Format

Send to

Choose Destination
Neuroscience. 1992;46(1):1-8.

Synaptic pathology in Alzheimer's disease: immunological data for markers of synaptic and large dense-core vesicles.

Author information

1
Research Unit for Experimental Neuropathology, Austrian Academy of Sciences, Vienna.

Abstract

We have analysed several markers for small synaptic vesicles (synaptin-synaptophysin, p65 and SV2) and large dense-core vesicles (chromogranin A, secretogranin II/chromogranin C) in the brains of patients with Alzheimer's disease, and normal controls by immunoblotting and immunohistochemistry. In comparison to age-matched controls the levels of all three synaptic vesicle markers were decreased in temporal cortex of Alzheimer patients. On the other hand, the levels of chromogranin A were increased, and those of secretogranin II lowered. This resulted in a significant increase of the ratios of chromogranin A to synaptophysin, p65 or SV2 and of that for chromogranin A to secretogranin II. These increases were significantly correlated to clinical severity of dementia and extent of neuropathological changes. By immunohistochemistry a high percentage of senile plaques was found to contain chromogranin A-reactive dystrophic neurites, whereas synaptophysin reactivity within plaques was rare. These results indicate that the number of synaptic vesicles is lowered in Alzheimer's disease, and that one component of large dense-core vesicles, i.e. chromogranin A, is elevated. We, thus, suggest that in Alzheimer's brain distinct changes occur for both types of synaptic organelles.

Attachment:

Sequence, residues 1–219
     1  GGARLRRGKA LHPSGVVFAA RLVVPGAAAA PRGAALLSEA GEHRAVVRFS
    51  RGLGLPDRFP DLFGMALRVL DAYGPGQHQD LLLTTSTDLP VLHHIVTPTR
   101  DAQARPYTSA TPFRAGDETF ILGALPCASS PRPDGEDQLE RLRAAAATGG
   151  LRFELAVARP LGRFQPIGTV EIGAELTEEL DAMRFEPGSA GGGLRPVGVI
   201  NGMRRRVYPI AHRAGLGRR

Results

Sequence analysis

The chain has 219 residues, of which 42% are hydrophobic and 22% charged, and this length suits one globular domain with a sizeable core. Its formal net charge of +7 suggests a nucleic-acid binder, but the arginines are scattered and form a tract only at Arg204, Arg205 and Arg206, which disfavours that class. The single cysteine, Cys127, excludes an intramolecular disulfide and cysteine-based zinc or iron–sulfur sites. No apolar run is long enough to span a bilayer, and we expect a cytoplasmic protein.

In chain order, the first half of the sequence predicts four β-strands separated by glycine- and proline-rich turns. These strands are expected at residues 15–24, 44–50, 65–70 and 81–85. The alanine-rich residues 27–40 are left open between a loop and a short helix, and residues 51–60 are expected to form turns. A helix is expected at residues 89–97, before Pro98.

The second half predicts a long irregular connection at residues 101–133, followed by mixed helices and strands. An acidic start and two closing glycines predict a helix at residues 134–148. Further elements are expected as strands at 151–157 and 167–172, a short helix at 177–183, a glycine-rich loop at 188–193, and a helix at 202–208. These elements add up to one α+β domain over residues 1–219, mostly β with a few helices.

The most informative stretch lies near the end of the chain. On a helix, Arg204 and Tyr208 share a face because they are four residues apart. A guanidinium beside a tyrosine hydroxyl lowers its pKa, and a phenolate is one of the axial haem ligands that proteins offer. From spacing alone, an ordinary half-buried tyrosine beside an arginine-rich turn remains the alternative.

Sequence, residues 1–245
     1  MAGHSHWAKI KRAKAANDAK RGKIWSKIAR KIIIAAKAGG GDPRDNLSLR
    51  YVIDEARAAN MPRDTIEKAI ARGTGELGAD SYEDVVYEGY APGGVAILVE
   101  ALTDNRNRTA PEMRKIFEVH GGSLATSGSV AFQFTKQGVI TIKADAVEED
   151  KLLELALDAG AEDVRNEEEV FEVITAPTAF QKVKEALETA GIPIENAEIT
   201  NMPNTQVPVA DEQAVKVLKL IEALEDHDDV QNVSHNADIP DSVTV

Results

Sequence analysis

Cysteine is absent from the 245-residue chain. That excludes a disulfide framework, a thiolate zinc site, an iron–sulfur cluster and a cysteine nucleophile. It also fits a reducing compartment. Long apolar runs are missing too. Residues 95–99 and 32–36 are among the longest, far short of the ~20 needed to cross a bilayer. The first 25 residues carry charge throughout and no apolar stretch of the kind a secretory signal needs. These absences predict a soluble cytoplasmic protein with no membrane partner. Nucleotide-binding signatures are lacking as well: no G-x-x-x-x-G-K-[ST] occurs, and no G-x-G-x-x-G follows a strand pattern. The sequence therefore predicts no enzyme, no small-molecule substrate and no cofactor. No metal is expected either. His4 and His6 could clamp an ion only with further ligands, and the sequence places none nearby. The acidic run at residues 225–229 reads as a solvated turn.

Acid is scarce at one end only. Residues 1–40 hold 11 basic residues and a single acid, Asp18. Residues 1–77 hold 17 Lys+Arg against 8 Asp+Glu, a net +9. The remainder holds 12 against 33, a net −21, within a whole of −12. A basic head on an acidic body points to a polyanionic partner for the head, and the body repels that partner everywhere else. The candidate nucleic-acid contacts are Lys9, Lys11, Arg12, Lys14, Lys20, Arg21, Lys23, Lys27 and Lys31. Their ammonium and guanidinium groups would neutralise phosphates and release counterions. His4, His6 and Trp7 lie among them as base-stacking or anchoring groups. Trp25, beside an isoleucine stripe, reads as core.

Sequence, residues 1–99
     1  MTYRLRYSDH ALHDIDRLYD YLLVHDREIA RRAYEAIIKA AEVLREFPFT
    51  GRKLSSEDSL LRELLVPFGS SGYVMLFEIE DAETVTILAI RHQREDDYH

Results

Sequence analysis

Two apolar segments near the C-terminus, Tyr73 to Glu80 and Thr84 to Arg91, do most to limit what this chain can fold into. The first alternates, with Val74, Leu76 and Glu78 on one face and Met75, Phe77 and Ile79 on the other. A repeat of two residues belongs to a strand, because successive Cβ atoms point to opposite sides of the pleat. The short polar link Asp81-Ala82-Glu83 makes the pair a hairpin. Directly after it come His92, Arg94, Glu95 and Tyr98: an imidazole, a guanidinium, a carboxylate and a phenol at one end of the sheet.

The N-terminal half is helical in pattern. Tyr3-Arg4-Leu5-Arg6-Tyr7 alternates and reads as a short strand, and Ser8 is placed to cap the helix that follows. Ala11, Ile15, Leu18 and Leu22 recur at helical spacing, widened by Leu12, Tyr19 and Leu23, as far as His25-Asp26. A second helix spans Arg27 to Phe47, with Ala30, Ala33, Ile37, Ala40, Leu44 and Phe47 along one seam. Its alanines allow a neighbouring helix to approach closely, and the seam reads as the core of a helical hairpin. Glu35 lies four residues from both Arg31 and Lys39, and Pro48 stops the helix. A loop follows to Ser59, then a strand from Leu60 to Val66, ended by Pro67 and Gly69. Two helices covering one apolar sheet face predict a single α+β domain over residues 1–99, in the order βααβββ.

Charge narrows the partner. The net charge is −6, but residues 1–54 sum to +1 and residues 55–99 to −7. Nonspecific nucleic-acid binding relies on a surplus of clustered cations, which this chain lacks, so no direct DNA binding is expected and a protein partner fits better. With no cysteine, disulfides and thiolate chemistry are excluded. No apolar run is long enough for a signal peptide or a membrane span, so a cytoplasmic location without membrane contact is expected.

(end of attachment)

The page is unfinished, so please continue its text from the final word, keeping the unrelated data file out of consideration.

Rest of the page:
PMID:
1594095
DOI:
10.1016/0306-4522(92)90003-k
[Indexed for MEDLINE]

Supplemental Content

Full text links

Icon for Elsevier Science
Loading ...
Support Center